Where Mr. April-1 and I had taken weeks to get through the online dating communication process, move on to more emailing, then texting until finally meeting up, Mr. April-2 and I connected online and met up within about 4 days. Mr. April-2 was a real estate investor, lived in the neighborhood I grew up in (and love), and also loved taking his dog to walk on the greenways. After chatting online and then giving him my number, he texted me almost immediately, and after a few exchanges told me he’d call me after he took care of some work. He called as promised, we talked and flirted for about half an hour, and he asked me out for dinner, so I said yes. He had a really annoying accent (from Wisconsin) but that was about all I could see that was wrong with him. He was funny, confident, and seemed really mature. We made plans to go to a great new neighborhood place we’d each only been to once. The next day, he texted me something cute (I honestly don’t remember what) and said he was looking forward to our date. I was too! Then…he texted me and asked if I’d rather eat at a different restaurant (he suggested a couple of new choices). I said it didn’t matter. Then the next day, he texted me AGAIN asking if I wanted to go see a comedy show instead. At this point, I was feeling kind of red-flaggy. Does he have ADD, or is he just trying to make a good impression by trying to do something I’ll enjoy? Is this some sort of test to see how flexible I am? Again, I said it didn’t matter, that would be fun too. So he says he’s reserved our tickets, and that we should meet there are 6:45. Um…what about dinner? I know we won’t really get to talk during the show, and now I need to eat beforehand? What kind of first date is this? The day of our date, he texted me that he was looking forward to meeting me and to plan to eat dinner at the club. OK, well, that’s one question down.
So I head out on Wednesday to meet Mr. April-2 at the comedy club. While I’m on my way, he calls and says he had an emergency at the house he’s renovating, and he’s running a little late. Since I’m already en route, I know I am just going to have to go wait on him. So he finally gets there and he apologizes profusely for being late, and while I’m a little irritated that our already limited “getting to know you” time has been cut short, I try to stay positive; he truly seemed upset that I’d had to wait, and it really did seem like an emergency that he couldn’t have anticipated. We have a nice chat waiting on the show to start, but the place is loud and it’s just not ideal for a first date. I’m relieved when the show starts and I don’t have to yell at him over the noise anymore, because my throat is starting to hurt. The warm up acts are funny enough. Then the featured guy comes out…I can’t remember his name but apparently his claim to fame is being a part of the Charlie Sheen roast. He started out his set with a rape joke. A rape joke. He continued with more rape jokes, jokes about abuse to women, etc. Basically, his whole shtick was about him being a douchebag. I was horrified. This wasn’t funny at all. And…Mr. April-2 was beside me, cackling away (super annoying laugh too, much like his accent) like this was the funniest stuff he’d ever heard, while I think my mouth just hung open for the next 45 minutes. This was not going to work out. The best part was, after it was over, he turned to me very seriously and said, “He was really offensive.” Could have fooled me, I thought. I agreed that yes, he was very offensive. I think he could tell I was not amused. Forget three strikes, I was calling a major foul on this guy.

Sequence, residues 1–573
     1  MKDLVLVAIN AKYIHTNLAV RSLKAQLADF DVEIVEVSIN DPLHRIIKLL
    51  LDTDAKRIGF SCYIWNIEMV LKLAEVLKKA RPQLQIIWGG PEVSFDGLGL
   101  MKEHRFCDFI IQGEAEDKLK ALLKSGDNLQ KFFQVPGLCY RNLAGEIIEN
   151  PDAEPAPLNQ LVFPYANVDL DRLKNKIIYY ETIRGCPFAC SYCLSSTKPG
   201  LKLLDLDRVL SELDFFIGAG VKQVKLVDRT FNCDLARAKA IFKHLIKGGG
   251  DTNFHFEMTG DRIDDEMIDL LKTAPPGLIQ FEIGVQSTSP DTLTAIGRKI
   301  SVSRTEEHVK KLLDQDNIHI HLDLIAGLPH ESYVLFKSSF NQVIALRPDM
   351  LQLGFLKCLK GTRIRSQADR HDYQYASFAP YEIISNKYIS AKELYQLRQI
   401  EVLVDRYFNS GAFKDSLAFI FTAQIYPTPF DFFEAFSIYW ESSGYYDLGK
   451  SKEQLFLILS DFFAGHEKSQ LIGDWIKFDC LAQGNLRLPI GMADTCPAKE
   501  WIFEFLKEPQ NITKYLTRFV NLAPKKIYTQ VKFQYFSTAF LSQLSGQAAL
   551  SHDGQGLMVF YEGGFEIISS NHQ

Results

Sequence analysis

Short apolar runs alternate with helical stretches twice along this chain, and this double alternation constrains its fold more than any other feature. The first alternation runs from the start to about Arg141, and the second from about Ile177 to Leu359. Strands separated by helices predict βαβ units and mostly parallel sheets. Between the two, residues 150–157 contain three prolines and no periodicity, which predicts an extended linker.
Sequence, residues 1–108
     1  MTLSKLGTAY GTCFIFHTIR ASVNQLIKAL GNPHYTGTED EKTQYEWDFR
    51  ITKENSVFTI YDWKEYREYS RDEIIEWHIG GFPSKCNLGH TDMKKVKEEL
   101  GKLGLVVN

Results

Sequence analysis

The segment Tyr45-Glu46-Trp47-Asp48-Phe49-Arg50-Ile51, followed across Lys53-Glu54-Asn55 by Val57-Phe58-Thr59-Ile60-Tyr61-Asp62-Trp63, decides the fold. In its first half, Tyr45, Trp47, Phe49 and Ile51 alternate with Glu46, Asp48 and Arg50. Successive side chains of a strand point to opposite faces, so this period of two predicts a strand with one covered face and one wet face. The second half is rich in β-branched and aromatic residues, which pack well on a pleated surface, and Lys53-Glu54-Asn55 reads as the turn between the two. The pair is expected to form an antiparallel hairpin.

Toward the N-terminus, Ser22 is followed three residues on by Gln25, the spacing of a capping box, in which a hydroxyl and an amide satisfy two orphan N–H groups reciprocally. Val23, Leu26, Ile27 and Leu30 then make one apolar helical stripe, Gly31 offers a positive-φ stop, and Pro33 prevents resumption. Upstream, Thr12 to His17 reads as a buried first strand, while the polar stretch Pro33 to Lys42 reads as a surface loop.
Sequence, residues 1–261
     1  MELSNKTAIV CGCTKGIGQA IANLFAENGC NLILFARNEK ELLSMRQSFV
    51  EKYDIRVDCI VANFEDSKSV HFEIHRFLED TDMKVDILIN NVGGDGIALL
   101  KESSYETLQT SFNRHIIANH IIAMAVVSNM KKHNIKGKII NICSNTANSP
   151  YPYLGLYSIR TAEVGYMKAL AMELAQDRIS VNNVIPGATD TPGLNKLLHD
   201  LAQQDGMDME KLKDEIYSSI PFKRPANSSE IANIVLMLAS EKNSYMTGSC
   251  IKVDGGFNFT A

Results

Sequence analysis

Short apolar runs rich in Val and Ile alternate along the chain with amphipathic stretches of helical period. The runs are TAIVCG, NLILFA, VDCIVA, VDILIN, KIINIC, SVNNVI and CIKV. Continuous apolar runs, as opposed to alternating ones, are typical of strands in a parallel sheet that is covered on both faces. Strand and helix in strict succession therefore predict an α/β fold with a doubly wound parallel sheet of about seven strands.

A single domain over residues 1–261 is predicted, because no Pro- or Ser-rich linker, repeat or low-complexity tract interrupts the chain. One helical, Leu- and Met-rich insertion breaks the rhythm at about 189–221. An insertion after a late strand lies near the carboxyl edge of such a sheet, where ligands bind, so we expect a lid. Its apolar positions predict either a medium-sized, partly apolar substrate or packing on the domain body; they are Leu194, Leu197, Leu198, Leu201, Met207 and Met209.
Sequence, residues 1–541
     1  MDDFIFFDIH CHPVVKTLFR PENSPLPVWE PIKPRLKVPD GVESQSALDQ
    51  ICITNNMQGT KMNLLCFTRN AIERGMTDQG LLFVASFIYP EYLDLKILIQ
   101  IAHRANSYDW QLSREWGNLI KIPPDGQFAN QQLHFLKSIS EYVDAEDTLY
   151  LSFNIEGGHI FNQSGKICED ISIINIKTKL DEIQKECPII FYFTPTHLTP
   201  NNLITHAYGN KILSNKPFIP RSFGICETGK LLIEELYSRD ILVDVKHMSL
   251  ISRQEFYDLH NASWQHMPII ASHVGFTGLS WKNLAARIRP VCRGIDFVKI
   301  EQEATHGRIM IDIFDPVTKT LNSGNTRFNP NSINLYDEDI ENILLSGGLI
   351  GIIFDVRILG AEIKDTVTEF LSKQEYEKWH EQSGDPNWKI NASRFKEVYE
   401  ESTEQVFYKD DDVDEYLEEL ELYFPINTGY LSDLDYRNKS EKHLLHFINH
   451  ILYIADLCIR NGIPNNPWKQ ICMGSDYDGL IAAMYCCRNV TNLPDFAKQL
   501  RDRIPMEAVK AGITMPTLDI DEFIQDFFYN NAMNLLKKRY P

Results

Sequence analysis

I think we both had the feeling by now that this was our first and last date. He walked me to my car, thanked me for coming out and then practically ran away from me. Um, shouldn’t that have been my move? I guess he wants a girl that can appreciate “rape humor.” Anyway, I never expected to hear from him again, and that would have been fine by me. However, the next morning he sent me a very nice text, thanking me for the date, but apologizing that he didn’t feel a connection. I responded quickly, thanking him, agreeing that there was no connection for me either, and wishing him good luck. And once again, I sat there in awe that a guy I’d known less than a week and met one time had shown more respect for me than a guy I’d known ten years and went out with for a month. Mr. April-2, lover of rape humor, did continue to renew my confidence that there are men out there who can date like grownups, and that my Mr. February experience was not representative of every man I am ever going to date. I do think I’ll decline any future first dates at the comedy club, though.